If there is one thing this milspouse is great at, it’s problem solving. So when the only smoke alarm mounted on our freakishly tall ceiling starts beeping for no reason, I spring into action. *Beeeep*
Think, think. First question to self: Do I need help? Um… self, you know you don’t need help. You are strong, and you got this.
There is a huge aluminum ladder in the garage we use to put Christmas lights on the roof. I’ll just carry that in here and climb it straight to the ceiling, Jack and the Beanstalk style. I’ll be Jack. The ladder will be my beanstalk. It’ll be fun. *Beeeep*
I head to the garage. Oh, crud. My car is blocking in the ladder. That’s ok. I’ll just lift that beast over the roof. Brilliant idea. I told you I was a problem solver. *Beeeeep*
Yup, I can definitely reach the alarm with this thing. This was a great idea. *Beeeep*
I climb the ladder.Holy junk, this thing is loud. Must work quickly. I fidget with the plastic casing. Nothing. Who assembled this thing? Satan? Is this a cruel joke? Is this thing child-protected? Do they see 18-foot children walking around here? *BEEEEP*
Oh, there it is. A teeny tiny button. I’ll push it and see what happens. Nothing. Ok… Let’s try twisting. *Plop*
The whole unit pops off of the ceiling, attached only by some multi-colored wires leading into a hole in the ceiling. *BEEEEP*
Um… where is this stupid battery? I jiggle it. I twist it. I look for more secret buttons for several more minutes. Nothing. *BEEEEP*
I’m going to scream. This is the moment of weakness. I climb down my beanstalk andgrab my phone to email the husband at work. I thought I could do this on my own, but I think I need additional brainpower. He is not there.
I leave a message: “The smoke alarm on the tall ceiling is beeping. If you don’t call me within 30 minutes, I’m going to shoot it or cut the wires. Love you, bye.”
Actually, I can’t stand it for another minute. I have to try again. I’m smart. I can do this. So I climb up again. I fidget around some more.
What was that little button for, anyway? I try pushing it again. Something happens. A secret sliding compartment! Oh, I see what this is. This is a Houdini smoke alarm. I shall name you Houdini. *BEEEEP*
Ok, Houdini. Enough beeping. I get the point. I fidget some more. The battery pops out. Finally!! There shall be peace. I’ll just let Houdini hang there from the ceiling until the husband comes home.
My job here is done. I climb down my beanstalk once more and pick up my phone to email the husband letting him know that I figured it out. I’m in the middle of typing the email when…. *Beeeep*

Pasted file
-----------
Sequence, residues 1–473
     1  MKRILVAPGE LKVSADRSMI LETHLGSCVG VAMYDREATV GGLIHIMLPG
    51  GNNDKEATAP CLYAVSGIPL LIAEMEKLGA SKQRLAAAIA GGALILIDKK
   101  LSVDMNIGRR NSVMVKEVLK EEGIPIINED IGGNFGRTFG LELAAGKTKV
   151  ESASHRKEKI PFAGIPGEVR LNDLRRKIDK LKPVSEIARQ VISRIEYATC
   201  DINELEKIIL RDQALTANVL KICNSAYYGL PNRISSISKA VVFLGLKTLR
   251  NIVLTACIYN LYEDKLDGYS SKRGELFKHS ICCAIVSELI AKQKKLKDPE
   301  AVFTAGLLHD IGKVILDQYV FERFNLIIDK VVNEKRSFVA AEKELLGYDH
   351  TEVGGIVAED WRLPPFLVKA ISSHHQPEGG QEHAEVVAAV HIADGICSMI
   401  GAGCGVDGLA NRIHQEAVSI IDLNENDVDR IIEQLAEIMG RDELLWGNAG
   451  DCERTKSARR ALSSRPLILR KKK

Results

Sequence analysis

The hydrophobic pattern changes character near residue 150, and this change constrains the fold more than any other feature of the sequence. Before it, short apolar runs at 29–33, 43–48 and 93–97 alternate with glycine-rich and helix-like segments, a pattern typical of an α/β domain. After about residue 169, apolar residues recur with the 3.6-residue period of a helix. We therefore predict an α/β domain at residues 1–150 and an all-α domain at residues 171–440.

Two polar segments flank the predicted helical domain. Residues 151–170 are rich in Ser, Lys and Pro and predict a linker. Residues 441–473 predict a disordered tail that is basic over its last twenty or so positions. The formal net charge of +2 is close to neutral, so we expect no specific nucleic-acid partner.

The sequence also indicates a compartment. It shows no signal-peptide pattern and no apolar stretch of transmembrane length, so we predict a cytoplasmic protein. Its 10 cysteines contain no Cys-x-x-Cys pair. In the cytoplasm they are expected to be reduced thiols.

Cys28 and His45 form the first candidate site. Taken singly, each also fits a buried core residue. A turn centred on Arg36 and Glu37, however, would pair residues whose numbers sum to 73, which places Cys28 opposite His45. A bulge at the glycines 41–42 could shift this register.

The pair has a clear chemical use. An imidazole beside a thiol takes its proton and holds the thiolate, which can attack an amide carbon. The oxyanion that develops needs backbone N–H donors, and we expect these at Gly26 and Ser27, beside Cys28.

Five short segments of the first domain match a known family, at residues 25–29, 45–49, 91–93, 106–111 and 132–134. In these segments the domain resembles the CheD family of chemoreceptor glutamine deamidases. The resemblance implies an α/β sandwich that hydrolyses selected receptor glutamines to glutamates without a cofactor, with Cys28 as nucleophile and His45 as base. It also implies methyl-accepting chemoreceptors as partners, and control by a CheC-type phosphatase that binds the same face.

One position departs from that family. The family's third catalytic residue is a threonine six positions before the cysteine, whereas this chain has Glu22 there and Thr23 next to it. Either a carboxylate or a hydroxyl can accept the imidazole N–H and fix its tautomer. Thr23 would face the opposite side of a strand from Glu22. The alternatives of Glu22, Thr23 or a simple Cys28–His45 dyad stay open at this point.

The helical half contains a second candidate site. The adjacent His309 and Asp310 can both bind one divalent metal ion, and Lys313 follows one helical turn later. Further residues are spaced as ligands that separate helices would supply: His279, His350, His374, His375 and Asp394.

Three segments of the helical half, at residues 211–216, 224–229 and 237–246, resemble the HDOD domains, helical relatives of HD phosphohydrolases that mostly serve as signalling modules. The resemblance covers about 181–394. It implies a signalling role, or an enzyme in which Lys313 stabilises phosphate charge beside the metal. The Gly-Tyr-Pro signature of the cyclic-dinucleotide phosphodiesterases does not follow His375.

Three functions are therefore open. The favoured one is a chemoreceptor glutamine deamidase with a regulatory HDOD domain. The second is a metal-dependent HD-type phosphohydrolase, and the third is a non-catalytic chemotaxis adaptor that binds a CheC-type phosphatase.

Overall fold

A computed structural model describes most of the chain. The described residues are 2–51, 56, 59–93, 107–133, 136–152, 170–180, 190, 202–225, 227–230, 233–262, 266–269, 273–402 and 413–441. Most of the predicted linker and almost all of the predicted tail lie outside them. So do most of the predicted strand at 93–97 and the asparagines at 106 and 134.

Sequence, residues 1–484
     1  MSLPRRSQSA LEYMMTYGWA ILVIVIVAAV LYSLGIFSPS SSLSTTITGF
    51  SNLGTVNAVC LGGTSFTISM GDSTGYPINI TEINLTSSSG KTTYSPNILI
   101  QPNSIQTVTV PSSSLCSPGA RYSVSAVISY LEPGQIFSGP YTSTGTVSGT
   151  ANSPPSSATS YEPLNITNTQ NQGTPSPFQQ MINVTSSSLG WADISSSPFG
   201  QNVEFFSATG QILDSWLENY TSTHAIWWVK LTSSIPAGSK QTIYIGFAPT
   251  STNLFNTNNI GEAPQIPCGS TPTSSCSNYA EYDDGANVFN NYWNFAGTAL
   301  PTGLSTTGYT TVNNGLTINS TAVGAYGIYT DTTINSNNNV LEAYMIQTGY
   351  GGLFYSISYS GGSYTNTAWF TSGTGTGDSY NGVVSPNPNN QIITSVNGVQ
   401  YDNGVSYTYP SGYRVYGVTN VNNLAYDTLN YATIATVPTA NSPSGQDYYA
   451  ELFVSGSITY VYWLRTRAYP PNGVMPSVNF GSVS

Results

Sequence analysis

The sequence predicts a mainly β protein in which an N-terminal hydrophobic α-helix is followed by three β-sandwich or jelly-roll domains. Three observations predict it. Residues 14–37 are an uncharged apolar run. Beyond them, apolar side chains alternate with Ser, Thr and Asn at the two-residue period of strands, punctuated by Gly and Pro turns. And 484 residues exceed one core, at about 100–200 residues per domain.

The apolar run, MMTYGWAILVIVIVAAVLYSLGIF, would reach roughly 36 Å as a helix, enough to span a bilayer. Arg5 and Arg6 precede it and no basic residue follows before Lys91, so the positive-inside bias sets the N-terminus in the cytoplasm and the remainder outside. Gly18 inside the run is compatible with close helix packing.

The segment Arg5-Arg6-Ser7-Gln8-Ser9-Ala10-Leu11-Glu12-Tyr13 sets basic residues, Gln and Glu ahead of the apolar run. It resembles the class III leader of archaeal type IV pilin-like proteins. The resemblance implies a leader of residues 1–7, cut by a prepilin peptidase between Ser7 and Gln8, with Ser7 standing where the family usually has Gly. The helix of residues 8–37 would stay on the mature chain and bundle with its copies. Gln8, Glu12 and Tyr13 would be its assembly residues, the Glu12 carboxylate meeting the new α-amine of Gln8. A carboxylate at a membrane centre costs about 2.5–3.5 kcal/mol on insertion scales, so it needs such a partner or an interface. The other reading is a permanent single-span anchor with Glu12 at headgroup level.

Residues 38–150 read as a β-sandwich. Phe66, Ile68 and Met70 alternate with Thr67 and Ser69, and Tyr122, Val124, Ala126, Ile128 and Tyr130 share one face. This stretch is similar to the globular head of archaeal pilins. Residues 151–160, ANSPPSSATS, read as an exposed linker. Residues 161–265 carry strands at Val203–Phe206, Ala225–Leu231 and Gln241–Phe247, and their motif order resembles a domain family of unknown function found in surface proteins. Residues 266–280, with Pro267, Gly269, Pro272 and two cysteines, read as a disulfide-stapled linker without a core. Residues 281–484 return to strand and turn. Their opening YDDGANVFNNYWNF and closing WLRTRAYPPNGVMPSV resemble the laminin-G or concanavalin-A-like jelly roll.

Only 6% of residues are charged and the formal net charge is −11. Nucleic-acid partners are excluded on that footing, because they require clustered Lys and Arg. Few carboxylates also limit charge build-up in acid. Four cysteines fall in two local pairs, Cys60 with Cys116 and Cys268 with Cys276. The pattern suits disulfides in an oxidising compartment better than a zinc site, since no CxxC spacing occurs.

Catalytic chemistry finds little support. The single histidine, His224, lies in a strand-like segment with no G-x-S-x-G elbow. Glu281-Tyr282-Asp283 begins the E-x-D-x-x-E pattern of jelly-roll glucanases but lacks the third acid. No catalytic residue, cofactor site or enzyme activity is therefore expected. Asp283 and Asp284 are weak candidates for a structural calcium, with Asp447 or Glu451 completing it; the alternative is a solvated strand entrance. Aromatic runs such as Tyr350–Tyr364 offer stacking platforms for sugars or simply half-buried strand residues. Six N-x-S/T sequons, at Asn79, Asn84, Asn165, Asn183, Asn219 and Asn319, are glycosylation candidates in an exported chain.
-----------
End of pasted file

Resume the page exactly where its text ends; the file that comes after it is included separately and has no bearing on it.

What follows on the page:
What. The. Fudge. Where is the gun? Where are the scissors? I’m going to destroy this thing. And you know what? I’m not Jack anymore. And the ladder is not my beanstalk. This is not fun anymore. I quit. *Beeeep*
Houdini, did you fail out of smoke alarm school? Don’t you know that when I take your battery out, you’re supposed to be quiet? Now what?
Still no word from the husband. Is he doing something super important or something? Well, OK, I guess he is.
Actually, I’ve decided I don’t need his help. After all, I’m a military wife. We’re the most resourceful and independent people to ever exist in the history of ever. I got this. *Beeeep*
Ok, think think think. If I were Houdini, what would I be trying to tell me? Let’s try giving him a new battery. Like food. Maybe he’s hungry. Genius. So I rummage through the junk drawer, looking for a new 9 volt battery. Surely we have extras. Aha! There it is. Bingo! *Beeeep*
I confidently strut back over to the ladder, formerly known as my beanstalk, and climb once more. I fidget with Houdini yet again, and I wiggle that battery right into the Houdini compartment of hidden batteries. Yay! Now Houdini has a new battery. Now he will be happy and be quiet. *BEEEEP*
Mother. Of. God. I. Am. Going. To. Kill. This. Thing. Freak out time. I frantically twist, push, hit every button and surface on Houdini as he hang there from his wires connected to the ceiling. Take that, Houdini. I hate your guts. *BEEEP BEEEP*
Wait, what? Two beeps… What did I do? Are two beeps better than one? I stand there on the ladder and wait. No more beeps. I think I did it. I think I conquered Houdini.
I gingerly gather Houdini’s wires, stuff them back into the ceiling, and twist Houdini back into place. I wait a minute just to make sure. Shhh, there there, Houdini. You’re ok now.
I climb down the ladder for a final time and admire the giant aluminum ladder in the middle of my living room. I probably should email the husband to let him know I didn’t shoot up the living room. His 30 minutes is up anyway.
Emily Jungblut-Swinarski is an Air Force spouse of five years currently living near Goodfellow AFB in Texas. She is a cat lover, clean eater, and a forever supporter of military spouses. Emily enjoys volunteering in support of military families as much as possible.
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